In 1758, during the reign of Sree Karthika Thirunal Rama Varma, the fabulous Kulasekhara Mandapam was build. It is a marvelous and fantastic architectural work on stone. It is also known as Aayiramkal Mandapam and Sapthaswara Mandapam. It is supported by 28 balustrades of pillars. The pillars on the four corners can produce musical notes when taped. In 1820 a very big mural mirroring the Ananthasayanam, which is termed as the biggest in the temple murals of Kerala, was drawn during the period of Rani Goury Parvathi Bayi.
Among the rulers of the erstwhile Travancore Maharaja Sree Chithira Thirunal Rama Varma ranks as one among the most illustrious royal personalities, who ruled in his dual capacity as Dasa and Ruler. He ruled as a Sage among Kings. The Kshethra Praveshan Vilambram or the Temple Entry Proclamation was in 1936 which was the epoch-making event of the Maharaja’s religious and political life. This Proclamation, issued on the eve of his twenty forth birthday, has been considered by evaluators as the most socially progressive and religiously liberal ordinance enacted in India. It was a revolutionary and courageous action initiated for the first time in the country towards the eradication of untouchability. The rest of India followed his footsteps.
Nammazhwar has sung 11 Verses in Praise of Sree Anantha Padmanabha Swamy
பேசுமின் கூச்சம் இன்றி, பெரிய நீர் வேலை சூழ்ந்து வாசமே கமழும் சோலை வயல் அணி அனந்தபுரம் நேசம் செய்து உரைகின்ரானை நெறிமையால் மலர்கள் தூவி பூசனை செய்கின்றார்கள் புன்னையும் செய்தவாறே
Fortunate is one who has the opportunity to have darshan of the Sleeping Lord at Thiru Anantha Puram'- NamAzhvaar in his Thiruvoimozhi Praise
கெடும் இடர் ஆய் எல்லாம், கேசவா, என்ன நாளும் கொடுவினை செய்யும் கூற்றின் தமர்களும் குறுககில்லார்விடம் உடை அரவில் பள்ளி விரும்பினான் சுரும்பு அலற்றும், தடம் உடை வயல் அனந்தபுரநகர் புகுத்தும் இன்றே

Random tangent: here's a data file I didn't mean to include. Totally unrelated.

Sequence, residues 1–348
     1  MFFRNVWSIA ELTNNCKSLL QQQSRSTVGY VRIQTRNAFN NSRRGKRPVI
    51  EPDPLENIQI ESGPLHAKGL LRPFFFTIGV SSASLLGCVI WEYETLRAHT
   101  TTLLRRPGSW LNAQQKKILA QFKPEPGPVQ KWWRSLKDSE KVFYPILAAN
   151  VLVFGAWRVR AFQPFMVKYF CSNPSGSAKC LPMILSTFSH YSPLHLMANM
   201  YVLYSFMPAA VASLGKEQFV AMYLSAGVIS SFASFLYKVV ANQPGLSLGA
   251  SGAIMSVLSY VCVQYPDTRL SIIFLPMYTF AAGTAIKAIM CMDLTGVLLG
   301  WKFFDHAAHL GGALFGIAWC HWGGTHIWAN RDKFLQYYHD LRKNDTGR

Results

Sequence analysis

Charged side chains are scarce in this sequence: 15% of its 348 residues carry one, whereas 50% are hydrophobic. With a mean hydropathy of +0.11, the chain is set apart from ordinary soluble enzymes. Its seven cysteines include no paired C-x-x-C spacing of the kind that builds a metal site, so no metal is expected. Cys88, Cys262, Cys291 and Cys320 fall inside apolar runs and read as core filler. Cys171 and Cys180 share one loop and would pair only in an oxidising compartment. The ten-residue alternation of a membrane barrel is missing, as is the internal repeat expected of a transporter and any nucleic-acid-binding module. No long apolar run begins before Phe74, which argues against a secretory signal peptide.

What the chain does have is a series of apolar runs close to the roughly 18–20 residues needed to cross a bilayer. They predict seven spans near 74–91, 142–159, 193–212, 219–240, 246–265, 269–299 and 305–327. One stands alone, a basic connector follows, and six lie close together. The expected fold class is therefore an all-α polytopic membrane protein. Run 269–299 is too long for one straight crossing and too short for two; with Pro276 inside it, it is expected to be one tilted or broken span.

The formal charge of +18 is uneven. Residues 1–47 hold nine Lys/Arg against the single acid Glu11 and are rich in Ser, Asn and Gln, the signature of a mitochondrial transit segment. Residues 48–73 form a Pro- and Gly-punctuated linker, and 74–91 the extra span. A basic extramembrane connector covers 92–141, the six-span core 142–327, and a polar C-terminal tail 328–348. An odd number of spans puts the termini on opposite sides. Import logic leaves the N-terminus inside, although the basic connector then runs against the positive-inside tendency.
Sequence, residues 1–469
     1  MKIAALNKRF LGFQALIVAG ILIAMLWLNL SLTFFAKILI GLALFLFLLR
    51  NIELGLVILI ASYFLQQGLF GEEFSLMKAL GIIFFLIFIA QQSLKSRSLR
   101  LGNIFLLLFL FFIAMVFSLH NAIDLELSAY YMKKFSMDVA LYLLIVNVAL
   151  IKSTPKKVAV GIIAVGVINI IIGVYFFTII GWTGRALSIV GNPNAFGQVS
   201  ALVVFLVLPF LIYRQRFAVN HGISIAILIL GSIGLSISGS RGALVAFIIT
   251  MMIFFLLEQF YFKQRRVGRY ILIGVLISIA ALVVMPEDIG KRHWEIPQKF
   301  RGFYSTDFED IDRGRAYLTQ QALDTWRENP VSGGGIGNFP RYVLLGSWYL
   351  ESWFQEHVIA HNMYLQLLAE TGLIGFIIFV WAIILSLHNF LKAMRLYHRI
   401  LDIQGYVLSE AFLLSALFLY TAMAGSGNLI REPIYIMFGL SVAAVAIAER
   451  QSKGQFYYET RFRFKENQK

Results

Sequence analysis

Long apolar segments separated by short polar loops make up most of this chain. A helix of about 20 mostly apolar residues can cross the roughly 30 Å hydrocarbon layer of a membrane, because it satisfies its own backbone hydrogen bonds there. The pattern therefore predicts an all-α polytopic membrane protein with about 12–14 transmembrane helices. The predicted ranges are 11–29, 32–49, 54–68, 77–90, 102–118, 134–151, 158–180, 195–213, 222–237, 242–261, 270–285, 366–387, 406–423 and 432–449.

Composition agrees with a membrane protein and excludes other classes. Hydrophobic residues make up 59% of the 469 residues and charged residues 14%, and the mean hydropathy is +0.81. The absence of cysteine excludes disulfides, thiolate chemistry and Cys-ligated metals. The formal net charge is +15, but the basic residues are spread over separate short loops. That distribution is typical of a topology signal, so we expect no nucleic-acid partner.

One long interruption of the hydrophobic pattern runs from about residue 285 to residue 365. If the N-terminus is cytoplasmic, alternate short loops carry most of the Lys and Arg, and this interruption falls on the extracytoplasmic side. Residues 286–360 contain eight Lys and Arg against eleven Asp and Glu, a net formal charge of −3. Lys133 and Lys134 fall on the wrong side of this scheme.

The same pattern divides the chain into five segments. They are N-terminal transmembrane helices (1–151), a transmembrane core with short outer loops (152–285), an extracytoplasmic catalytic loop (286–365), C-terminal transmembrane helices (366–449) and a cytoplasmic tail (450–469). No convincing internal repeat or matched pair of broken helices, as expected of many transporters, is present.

NamAzhvaar refers to the sleeping posture atop the Serpant Lord. He also makes a mention of this place ( Thiru Anantha Puram) in every verse. The moment one visits the Lord who resides on Adisesha at Thiru Anantha Puram, all our problems will vanish. He goes on to praise him saying that even Lord Yama will stay away from us.
- 03.30 am to 04.45 am (Nirmalya Darshanam)
- 06.30 am to 07.00 am
- 08.30 am to 10.00 am
- 10.30 am to 11.10 am
- 11.45 am to 12.00 Noon
- 05.00 pm to 06.15 pm
- 06.45 pm to 07.20 pm
The above-indicated time schedule is subject to changes during festivals and other special occasions. During the festival occasions the darshan time is reduced in order to performing the special poojas
Do's & Dont's
- Entry is restricted to those who profess the Hindu religion.
- The dress code for men is Dhoti with or without Angavastra.It is the custom for male worshipers going near the sanctum – sanctorum by tying their Angavastrams around their waist.
- The dress codes for ladies are Sarees, Dhoties or Pavadas with blouse or other coverings as appropriate to their age. Salvar and Commies are not *allowed.
- Young girls below 12 years may wear gowns.
- No other types of dress should not be worn or taken inside the temple.
Dhothis are available for sale outside the Temple Premises
How To Reach & Stay
There are several express trains and buses from across the country to Thiruvananthapuram.The temple is half a kilometre from the Trivandrum Central Railway Station.
Lot of stay options are available across all budget Range